This is one time in these columns that I will not and cannot cite names. I believe as a matter of journalistic principle that the production of verifiable data in commentary is a requirement, because it enhances the integrity of the story. Your facts are established because they can be verified. I have belaboured this point several times in the three decades I have been doing analyses in the newspapers.
People cannot make accusations of embellishment, because contacts can be made with the names cited. This of course is quite different from the sacred duty of not naming your sources or quoting those who gave information. A relevant example is my Monday column, in which I cited a concern I had over a particular attitude of the PNC in government, and not the government itself. I relayed that curiosity to two of my KN colleagues – Leonard Gildarie and Suraj Narine.
The editor removed their names. He may have had his reason, but that could open me to the charge that Freddie is just saying that to make the column look credible. But someone who knows Gildarie and Narine, and is suspicious of my intention, could have contacted them to ascertain if I wrote truthfully.
In the paragraphs to follow I cannot name names – with one exception – because those persons do not want to be identified. The exception is Marlon Williams of the AFC. I am pleased that through his name the polemic I am about to describe could be verified.
I had dinner with some key players in politics at New Thriving on Monday evening. The entire night the conversation was one-dimensional – the errors, faults, flaws, foolishness, weaknesses, insensitivities and incongruities of the APNU+AFC administration, in the context of a vicious, resurgent, PPP. The evening was so absorbing and fascinating that when I glanced at the time on my cell phone it was way past my wife-imposed curfew time. It was about 23:07 hours.
I left the ambience, ran downstairs and headed for the door, only to find New Thriving was locked with a huge metal door. I couldn’t find the attendant to open it. Eventually he did and I ran to my car in the spot that had become lonely because of the hour of the night.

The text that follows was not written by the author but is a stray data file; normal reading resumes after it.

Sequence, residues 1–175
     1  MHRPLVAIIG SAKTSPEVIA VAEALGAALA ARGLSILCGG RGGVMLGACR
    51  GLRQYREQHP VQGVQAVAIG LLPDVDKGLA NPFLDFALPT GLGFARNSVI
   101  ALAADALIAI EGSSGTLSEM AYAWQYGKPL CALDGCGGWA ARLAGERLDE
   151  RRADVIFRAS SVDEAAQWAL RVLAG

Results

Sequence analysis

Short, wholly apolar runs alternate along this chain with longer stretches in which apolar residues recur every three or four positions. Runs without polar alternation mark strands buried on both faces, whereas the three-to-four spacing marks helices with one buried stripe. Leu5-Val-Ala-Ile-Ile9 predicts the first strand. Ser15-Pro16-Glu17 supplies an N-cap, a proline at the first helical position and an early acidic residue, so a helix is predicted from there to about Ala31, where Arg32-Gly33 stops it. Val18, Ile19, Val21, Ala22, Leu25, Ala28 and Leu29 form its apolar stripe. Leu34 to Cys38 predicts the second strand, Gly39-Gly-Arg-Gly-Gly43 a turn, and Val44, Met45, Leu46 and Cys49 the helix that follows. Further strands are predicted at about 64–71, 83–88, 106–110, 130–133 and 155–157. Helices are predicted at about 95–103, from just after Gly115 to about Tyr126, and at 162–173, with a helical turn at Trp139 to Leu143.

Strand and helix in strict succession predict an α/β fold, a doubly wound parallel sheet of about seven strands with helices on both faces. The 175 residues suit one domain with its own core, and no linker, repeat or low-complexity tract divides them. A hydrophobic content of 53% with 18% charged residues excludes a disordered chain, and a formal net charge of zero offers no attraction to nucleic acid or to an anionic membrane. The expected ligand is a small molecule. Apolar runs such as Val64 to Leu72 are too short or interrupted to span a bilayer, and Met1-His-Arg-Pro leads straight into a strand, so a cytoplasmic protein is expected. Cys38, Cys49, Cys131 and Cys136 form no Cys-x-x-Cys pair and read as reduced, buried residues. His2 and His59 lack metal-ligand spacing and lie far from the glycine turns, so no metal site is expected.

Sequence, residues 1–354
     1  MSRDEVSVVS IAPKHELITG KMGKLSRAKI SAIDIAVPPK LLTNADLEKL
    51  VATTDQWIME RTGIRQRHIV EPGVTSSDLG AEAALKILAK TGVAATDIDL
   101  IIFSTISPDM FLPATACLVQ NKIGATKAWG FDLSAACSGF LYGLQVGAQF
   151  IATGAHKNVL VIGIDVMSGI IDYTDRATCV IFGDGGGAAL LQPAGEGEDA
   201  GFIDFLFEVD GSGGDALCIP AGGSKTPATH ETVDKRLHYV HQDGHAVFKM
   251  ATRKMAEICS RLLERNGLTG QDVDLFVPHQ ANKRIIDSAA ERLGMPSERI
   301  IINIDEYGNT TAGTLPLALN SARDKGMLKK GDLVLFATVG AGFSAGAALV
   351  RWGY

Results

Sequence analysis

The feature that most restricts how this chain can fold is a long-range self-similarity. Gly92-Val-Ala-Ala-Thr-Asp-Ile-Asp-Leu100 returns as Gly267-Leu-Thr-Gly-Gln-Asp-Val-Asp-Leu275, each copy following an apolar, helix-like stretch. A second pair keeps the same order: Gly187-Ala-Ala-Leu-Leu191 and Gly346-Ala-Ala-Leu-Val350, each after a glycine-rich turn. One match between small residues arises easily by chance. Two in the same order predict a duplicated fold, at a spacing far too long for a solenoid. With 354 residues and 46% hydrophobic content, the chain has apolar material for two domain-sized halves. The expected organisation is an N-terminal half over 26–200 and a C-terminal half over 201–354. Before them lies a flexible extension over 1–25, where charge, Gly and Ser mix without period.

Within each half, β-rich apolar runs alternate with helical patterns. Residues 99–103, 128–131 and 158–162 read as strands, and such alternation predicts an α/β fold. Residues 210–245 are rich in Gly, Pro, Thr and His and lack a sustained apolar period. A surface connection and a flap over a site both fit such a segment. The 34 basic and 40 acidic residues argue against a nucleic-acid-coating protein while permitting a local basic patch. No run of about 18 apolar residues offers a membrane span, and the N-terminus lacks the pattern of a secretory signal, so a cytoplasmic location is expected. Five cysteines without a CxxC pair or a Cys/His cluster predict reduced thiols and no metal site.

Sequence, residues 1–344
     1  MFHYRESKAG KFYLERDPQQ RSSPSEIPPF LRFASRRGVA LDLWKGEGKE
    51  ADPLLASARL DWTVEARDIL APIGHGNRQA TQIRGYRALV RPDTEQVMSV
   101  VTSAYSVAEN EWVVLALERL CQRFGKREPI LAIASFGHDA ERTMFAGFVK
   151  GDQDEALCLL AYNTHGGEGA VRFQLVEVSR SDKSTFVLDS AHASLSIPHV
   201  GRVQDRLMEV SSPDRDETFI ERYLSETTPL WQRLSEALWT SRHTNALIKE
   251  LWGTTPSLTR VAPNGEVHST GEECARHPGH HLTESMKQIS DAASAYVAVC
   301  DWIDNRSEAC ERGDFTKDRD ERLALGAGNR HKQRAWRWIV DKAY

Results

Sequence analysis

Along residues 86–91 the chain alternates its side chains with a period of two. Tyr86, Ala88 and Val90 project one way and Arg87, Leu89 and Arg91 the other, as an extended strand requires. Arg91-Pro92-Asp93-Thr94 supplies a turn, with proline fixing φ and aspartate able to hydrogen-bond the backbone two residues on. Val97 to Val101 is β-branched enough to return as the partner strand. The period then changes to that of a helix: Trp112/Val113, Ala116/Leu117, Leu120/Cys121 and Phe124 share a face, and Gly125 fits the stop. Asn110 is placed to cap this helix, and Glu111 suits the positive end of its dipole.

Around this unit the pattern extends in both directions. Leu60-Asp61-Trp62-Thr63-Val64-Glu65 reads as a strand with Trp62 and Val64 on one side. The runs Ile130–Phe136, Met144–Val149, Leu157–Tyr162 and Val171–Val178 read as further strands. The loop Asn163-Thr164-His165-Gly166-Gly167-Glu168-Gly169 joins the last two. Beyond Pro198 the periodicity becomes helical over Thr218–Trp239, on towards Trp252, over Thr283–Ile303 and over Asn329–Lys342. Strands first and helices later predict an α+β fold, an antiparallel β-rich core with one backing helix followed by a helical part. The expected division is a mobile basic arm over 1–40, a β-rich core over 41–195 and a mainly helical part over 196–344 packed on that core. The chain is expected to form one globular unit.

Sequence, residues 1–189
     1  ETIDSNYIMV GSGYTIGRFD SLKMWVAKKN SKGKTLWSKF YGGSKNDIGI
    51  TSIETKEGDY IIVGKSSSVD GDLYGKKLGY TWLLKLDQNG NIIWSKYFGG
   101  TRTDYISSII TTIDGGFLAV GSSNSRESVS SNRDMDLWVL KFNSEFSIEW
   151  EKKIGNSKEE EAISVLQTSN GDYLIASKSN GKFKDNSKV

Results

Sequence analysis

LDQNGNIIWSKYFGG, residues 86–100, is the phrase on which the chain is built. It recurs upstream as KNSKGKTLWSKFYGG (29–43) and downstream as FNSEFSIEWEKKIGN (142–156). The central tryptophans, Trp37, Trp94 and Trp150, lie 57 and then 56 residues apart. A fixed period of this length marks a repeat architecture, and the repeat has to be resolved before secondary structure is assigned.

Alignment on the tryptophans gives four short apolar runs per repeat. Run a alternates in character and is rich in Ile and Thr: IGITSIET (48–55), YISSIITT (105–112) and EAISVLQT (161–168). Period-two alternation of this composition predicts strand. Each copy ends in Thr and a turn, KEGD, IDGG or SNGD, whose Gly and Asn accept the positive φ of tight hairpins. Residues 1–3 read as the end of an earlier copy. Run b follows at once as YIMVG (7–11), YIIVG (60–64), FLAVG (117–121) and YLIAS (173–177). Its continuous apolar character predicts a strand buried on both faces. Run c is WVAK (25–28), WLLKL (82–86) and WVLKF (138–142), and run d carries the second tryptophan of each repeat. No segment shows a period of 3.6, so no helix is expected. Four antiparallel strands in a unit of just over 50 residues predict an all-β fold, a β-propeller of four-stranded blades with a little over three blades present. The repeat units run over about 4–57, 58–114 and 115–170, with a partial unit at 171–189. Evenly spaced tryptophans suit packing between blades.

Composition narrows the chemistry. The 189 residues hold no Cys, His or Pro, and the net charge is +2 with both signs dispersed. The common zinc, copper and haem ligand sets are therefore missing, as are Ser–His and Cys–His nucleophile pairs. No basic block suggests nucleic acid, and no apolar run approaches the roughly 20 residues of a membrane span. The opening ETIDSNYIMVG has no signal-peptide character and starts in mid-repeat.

I jumped into my car, drove off, but the lights failed me. Only the park lights would work. I drove from Main Street to Turkeyen at 23:15 hours with just park lights. If I was stopped I didn’t know how the traffic cop could have expected me to leave my car on Main Street unattended. Life can be harsh at times. I went early the next morning to my electrical guy, Savin’s Auto Electrical on Middleton Street. They fixed it. I was about to drive off – no start. From dead lights to dead battery.
The most intriguing aspect of the New Thriving polemic was when we explored the future of the Alliance for Change outside of the Coalition for the 2020 elections. One key player in politics said should that happen, he is giving the AFC at least five seats. I then shifted the ware to one side of the table and asked him to do some demographic drawings on the table. Where in the areas of Guyana are these five seats coming from?
So with my finger I went through West Coast, starting with Leonora and ending up with Berbice.
My point to the table was that the AFC’s constituencies have moved back to the PPP or have moved away, the reason being what they see as the AFC’s failure to be a progressive alternative to the regime it removed in the 2015 elections. Some around the table felt that the AFC got squeezed by the egregious flaws of the PNC section in government. That is not a convincing thesis. It seeks to shelter the AFC. That is both politically and morally unacceptable.
For whatever reason, be it old PNC behaviour, silly AFC politics, newness to government, intellectually bankrupt Coalition leadership, unthinking, uncaring government, 2016 has not seen any kind of transformational politics by the Coalition; on the contrary, in the face of an aggressive, unrepentant PPP, the term self-destructive would not be an excessive description to apply to the performance of the Coalition in 2016.
It simply defies logic why in 2015, in the midst of humongous goodwill from the entire country and with a president that was seen as honest and democratic and a Prime Minister that was nationally embraced, the Coalition stumbled from one mistake to another; mistakes that resemble the self-destructive abominations of the PPP Government.
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